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What changed in Kashmir in the 4 years before & after abrogation of Article 370 : Part-2

In a first, Jammu and Kashmir Lieutenant-Governor Manoj Sinha participated in a Muharram procession in the heart of Srinagar on July 29 this year with peace returning to the Valley.

(In the first part of the article, our Srinagar correspondent Ahmed Ali Fayyaz had highlighted how anti-national forces were allowed to grow under Congress and the PDP governments as part of political expediency in the years prior to 2014. )

In March 2015—July 2016, Burhan Wani found Kashmir as the most fertile land to revive insurgency. It was the period when most of the FIRs were registered against the Army and the paramilitary personnel for ‘resorting to excessive force’ and other ‘human rights abuse’; when most of the counterterror operations failed due to stone pelting and mob attacks on the forces; when funeral processions and gun salutes to the terrorists killed in encounters became a routine.

The sports stadiums, where Government of India’s ‘Khelo India’ games were played, were named after Burhan Wani. His father, a government school teacher, used to be the chief guest at the inauguration of local sports tournaments. For the first time after 1988, local Kashmiri militants removed their face masks and published their pictures and videos on Facebook and YouTube.

Even after Burwan Wani announced through a video in August 2015 that he was fighting for establishing an Islamic State in Kashmir, he continued to be on the forefront of the valley’s separatist movement. Stalwarts like Syed Ali Geelani began claiming credit for Wani’s secret association with them. Funeral processions and gun salutes, coupled with registration of FIRs against the security forces, encouraged hundreds of the valley’s youths to pick guns and stones against anything Indian.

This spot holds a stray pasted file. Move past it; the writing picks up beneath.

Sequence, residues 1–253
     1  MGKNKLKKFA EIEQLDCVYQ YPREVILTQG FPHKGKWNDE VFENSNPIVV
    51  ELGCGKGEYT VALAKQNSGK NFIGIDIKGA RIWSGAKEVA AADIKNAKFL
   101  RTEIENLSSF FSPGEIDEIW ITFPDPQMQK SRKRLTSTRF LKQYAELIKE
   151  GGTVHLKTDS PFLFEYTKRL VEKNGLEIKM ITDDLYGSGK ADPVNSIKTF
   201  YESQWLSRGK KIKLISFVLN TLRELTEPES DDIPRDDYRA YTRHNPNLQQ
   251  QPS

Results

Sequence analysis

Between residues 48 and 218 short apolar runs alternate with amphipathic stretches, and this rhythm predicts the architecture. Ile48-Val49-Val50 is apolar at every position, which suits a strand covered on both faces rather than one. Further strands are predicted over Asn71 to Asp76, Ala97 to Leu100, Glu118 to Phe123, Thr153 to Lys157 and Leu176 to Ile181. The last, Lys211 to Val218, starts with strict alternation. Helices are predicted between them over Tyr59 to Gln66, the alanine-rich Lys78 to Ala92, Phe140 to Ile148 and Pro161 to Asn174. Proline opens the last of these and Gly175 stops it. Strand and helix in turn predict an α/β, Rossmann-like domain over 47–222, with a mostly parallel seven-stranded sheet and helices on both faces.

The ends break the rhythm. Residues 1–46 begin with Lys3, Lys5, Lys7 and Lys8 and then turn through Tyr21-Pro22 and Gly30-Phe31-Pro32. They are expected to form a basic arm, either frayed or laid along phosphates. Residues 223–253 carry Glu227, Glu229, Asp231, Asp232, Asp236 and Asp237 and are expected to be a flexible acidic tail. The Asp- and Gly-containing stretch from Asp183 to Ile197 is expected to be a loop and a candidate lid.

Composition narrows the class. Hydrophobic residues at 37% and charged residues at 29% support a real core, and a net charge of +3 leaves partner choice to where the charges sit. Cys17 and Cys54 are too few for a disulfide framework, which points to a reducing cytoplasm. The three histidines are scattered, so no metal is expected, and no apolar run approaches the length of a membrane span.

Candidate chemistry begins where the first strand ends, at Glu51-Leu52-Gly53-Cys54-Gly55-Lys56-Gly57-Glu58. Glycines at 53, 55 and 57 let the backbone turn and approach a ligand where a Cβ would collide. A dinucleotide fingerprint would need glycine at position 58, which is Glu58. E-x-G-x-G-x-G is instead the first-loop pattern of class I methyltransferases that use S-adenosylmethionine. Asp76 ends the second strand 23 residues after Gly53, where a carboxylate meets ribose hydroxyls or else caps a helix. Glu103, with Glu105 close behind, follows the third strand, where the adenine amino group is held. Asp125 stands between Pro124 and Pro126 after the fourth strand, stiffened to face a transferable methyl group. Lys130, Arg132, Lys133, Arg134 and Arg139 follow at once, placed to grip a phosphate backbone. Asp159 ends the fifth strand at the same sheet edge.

In November 2015, over 7,000 people participated in each of two militants’ funerals around Bijbehara, then Chief Minister Mufti Mohammad Sayeed’s hometown. Two months later when Mufti died, the crowd in his funeral procession was less than 1,500. Not a single shop was shut in Bijbehara.

Mufti’s funeral made it clear that he had successfully razed the National Conference’s fortress but the vacuum was being filled up by Geelani and his Pakistan-supporters, not Mufti’s PDP. Mufti and his Ministers did an abject surrender when the Opposition sought clarification regarding the BJP-PDP government’s plan to settle the Kashmiri Pandit migrants at some secured camps. It failed the BJP-led Centre’s plans of relief and rehabilitation for the displaced population.